This brings me to the subject of the settlement itself. Perhaps there have been some decisions in Washington of which I am not aware, but if the North Vietnamese did agree to negotiations, I cringe to think of what our position would be on the role of the NLF. Unless they were brought into the Government in some way, I think we would be even worse off in world opinion than we are now, and Ky’s position seems to me tenable only in the event that we have achieved a military victory. It seems to me that you are suggesting that we agree to guarantee a settlement, the nature of which we do not know, and in short my view is that any settlement we could achieve now would be one which I would hate to see us have to guarantee. Despite the foregoing objections, I can see that at some stage we might sound the Soviets out on this, but I think surely it would have to be a guarantee in which others, and probably the UN, were involved.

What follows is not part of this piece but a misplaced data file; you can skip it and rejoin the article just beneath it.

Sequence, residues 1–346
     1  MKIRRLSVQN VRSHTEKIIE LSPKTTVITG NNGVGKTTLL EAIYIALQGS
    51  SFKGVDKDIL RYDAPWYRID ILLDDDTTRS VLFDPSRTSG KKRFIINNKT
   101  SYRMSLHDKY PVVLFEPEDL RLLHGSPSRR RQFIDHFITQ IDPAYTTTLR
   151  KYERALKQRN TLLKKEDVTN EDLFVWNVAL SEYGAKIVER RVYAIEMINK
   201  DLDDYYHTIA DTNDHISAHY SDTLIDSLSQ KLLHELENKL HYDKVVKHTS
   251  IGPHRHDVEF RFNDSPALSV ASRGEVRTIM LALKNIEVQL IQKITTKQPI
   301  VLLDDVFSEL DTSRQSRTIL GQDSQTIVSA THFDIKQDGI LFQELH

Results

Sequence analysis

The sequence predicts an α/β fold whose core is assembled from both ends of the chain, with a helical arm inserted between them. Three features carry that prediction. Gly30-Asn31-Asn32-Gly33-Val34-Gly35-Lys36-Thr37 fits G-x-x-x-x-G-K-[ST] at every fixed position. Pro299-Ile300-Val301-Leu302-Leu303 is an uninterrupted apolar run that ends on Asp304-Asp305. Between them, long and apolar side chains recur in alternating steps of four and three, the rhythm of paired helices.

I feel much more strongly about the warning. In the first place, the Soviets are well aware of the risks involved in the continuation of the present situation. You suggest it would not be difficult to work out a formula for a warning, but I can myself think of none that would be effective which would not be taken by them as a threat, and if there is one thing I have learned about this place it is that they react badly to threats. They should never be made unless we mean them and, because of their great inferiority complex, threats tend to make them dig in all the deeper.
It is clear that Dobrynin was brought back here in connection with a top level review of Soviet-American relations and particularly the Vietnam affair. I do not know what the outcome will be, but I suspect that as a minimum they will increase the quality and quantity of their military aid.